Students Drop Books, Ready for Break
Some hit the beaches, while others get work doneBy Brian Loux
Associate Features Editor
With winter weather finally appearing to have drawn its last breath, students are eagerly awaiting the beginning of spring break. And while many will leave the MIT campus, some will still remain involved with the Institute.
The women’s crew team, for instance, will travel as a team to Cocoa Beach, Fla., for training. Team captain Jessica L. Wargo ’04 said that the team decided on the trip over the standard winter training trip.
“I think it’s a good move because the river’s still frozen and we can’t practice in the basin outside of the boat house,” she said. “And it’s good to get away from the cold.” Aside from training, Wargo said they expect to have one day off to go around the beaches.
Undergraduate Associate President-elect Pius A. Uzamere II ’04 will brush up on his politics in preparation for the MIT Washington D.C. Summer Internship Program. “We’ll be touring the city and interviewing with possible employers,” he said. “I’m really excited about the trip.”
Still others will stay in Cambridge for the break -- either out of their own choosing or to catch up on work. This applies to faculty as well as students. “I’m going to stay here and write a book chapter,” said Martin F. Polz, a professor of civil and environmental engineering. He has worked on the book for some time, but he says that “it’s nice to have a block of uninterrupted time in which to write.”
Julie B. Norman, the associate dean of academic resources and programming, said she will stay at MIT to “catch up on the piles on my desk and do my own self-evaluation for the year.” She says that she dreads this time of year as a former faculty member. Now I don’t get spring break off anymore, she said. “But at least it will be quiet.”
ASB enters seventh year
Alternative Spring Break celebrates its seventh year with its first excursion outside the Northern Hemisphere. The program, which offers opportunities for students to participate in week-long public service activities, includes trips to many parts of the U.S. as well as Puerto Rico and Paraguay.
“Around 80 people participate each year, and we have to turn away dozens more who apply to participate,” said ASB President Amy L. Meadows ’03. The jobs range from teaching students to hands-on construction.
For participants, the draw of the program is the chance to see change. “It was an awesome, if slightly overwhelming, experience,” Meadows, a three-time veteran of the program, said. “You’ve gotten to know a group of 12 students in depth, and you have a tangible impact on a community.”
“I liked the trip to West Virginia last year,” said Diana L. Lam ’04. “It was eye-opening and inspiring to go out and see the changes that you make.”
Victory and defeat in Florida planning
For many students, spring break revolves around travel to exotic locations. These travels can become almost an ordeal for the involved parties, to plan a beach trip on a student budget while classes continue. The results can be as different as night and day.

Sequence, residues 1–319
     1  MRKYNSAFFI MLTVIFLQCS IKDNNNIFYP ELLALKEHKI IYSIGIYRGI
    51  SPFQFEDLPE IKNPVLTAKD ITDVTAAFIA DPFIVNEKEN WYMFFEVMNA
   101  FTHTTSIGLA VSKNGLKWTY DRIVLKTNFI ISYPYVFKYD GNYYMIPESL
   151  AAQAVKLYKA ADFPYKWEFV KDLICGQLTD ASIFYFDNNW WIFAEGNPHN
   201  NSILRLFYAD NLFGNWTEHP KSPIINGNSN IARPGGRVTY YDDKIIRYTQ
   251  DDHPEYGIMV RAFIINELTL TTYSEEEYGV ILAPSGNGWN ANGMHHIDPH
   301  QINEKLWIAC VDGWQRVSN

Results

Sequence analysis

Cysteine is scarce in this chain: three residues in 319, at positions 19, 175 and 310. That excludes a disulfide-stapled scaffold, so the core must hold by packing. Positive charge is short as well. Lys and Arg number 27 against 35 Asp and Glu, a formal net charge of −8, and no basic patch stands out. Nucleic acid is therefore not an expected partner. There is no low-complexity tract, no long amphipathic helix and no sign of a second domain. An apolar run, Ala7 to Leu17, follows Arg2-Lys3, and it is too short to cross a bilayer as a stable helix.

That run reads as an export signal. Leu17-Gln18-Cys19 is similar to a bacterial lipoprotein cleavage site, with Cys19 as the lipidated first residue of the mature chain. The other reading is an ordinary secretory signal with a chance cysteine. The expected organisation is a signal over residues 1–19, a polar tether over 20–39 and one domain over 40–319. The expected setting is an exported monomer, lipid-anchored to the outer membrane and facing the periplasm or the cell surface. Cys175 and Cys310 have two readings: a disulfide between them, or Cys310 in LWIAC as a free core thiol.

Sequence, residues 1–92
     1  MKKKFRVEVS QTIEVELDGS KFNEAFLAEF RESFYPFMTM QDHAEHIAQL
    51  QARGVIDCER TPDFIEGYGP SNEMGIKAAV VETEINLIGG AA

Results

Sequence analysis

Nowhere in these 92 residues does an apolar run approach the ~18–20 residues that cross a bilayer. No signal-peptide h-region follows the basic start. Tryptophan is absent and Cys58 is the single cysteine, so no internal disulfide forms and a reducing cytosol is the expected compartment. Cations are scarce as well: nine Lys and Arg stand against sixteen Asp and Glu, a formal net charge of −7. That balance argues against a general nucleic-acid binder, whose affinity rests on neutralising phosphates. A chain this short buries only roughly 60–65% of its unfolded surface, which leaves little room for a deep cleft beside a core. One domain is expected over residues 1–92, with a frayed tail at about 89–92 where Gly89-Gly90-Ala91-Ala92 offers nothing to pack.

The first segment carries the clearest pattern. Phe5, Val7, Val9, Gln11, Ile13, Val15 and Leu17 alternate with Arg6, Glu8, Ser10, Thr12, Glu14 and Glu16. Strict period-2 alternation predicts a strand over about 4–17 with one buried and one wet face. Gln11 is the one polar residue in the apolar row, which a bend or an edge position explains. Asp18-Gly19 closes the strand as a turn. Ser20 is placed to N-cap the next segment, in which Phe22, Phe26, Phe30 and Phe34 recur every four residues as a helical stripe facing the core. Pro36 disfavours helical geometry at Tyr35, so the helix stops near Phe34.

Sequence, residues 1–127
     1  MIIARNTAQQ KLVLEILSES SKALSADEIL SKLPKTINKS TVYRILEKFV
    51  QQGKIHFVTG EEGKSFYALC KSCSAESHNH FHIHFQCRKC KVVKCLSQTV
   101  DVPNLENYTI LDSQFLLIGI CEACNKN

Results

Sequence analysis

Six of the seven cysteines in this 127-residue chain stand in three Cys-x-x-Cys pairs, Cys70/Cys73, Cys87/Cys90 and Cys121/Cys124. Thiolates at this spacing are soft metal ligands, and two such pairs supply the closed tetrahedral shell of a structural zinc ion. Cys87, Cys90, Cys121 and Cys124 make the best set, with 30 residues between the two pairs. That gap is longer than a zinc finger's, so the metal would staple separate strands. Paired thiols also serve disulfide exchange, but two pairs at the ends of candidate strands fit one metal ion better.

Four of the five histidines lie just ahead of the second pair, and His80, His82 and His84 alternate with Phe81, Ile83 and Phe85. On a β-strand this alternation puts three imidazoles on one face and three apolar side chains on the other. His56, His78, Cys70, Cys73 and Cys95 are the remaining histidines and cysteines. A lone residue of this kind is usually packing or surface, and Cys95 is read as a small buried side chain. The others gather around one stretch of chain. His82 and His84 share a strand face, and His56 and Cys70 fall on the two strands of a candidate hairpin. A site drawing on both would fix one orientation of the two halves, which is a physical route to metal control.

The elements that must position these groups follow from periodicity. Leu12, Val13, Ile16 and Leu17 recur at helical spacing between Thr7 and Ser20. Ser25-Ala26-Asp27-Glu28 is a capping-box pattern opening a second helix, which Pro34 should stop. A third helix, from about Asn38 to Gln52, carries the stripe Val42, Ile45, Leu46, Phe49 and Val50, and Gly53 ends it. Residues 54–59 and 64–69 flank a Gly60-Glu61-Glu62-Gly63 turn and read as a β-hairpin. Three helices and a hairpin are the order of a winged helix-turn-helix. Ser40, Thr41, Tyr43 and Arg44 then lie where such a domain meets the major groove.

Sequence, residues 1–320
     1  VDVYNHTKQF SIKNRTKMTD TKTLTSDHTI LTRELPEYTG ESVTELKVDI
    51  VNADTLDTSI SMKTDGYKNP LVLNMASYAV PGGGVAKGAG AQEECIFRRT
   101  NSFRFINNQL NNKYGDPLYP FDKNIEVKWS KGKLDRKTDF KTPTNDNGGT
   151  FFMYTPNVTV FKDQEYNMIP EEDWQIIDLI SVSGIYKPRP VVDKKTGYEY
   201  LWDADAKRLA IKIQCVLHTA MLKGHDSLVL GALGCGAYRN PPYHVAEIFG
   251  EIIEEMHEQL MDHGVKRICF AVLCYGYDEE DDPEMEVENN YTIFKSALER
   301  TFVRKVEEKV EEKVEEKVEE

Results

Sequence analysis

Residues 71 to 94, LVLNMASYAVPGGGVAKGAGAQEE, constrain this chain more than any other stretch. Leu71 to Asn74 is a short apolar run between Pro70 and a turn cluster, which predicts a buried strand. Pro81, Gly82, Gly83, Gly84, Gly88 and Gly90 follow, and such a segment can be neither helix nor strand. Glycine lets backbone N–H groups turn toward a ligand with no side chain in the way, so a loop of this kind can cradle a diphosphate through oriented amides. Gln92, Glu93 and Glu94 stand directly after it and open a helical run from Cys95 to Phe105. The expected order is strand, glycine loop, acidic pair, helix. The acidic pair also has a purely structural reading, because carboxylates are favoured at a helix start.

Lisa M. Walters ’04 is eager to travel to Florida for the break. “I’m excited,” she said. “I’ve never been to Florida before.” Walters joins a group of seven others who are travelling by car to Daytona Beach, Fla. “I’m spending about $300 for [travel and room and board,] which would have been the cost of a plane ticket,” she said.
Daniel G. Oreper ’04, however, would prefer to forget about Florida for a while. Oreper led an initiative to get himself and six of his friends to Florida by any means necessary. “First, we wanted to fly to Florida, but we found that it cost too much,” he said. “Then we wanted to drive, but that would be too much time out of our trip and a rental car and gas would cost too much.”
Oddly enough, both groups started planning their trips around the same time. Walters’ group started three weeks ago, and Oreper’s group two and a half. “We only needed a place to stay so we found a beach house first” because their group would rely on their own cars, Walters said.
Oreper said that the cars his friends owned would not make it to Florida, so they focused on travel instead. Other plans that his group floated around were renting five-man RV (for seven people) and taking the train.
“Eventually, [Andrew C. Francis ’04] decided work and family were more pressing than the trip, and that sparked the group’s downfall,” Oreper said. When it became evident that the trip would not be as a large group, people began to bow out, he said.
While Walters is anxious to start the trip, Oreper said he felt “docile and disappointed.” Oreper said that “there’s nothing I wanted more than to sit on the beach staring at things on the beach.”
Not totally defeated, Oreper says he will plan a trip to Florida for the first week of summer immediately after his return from break.
Break not affected by terror
Many predicted that an increased terror threat would result in a dip in business over the spring break holiday season. At MIT, this has not seemed to be the case.
Of the people interviewed, very few of them said that terrorism played into the planning of their trip. Of those who said it did, none said that it was detrimental enough to change their plans.
“Security is a lot tighter now [at airports],” said Paul A. Wanda ’04, who is traveling to Europe for the break. “There could be an added risk with the war,” he said, “but I am not going to be safer in America than in London.”
“We have discussed emergency [and] contingency plans with all of our coordinators, but all of our trips are continuing as planned,” Meadows said.
Some students felt that the “college bubble” and being young may have contributed to the nonchalance. “It’s probably because [students] think nothing could happen to them,” said Yu Zhou ’06.
“It was less of a concern than driving and renting,” Walters said. “It’s spring break. People want to have fun. That’s the overriding mentality.”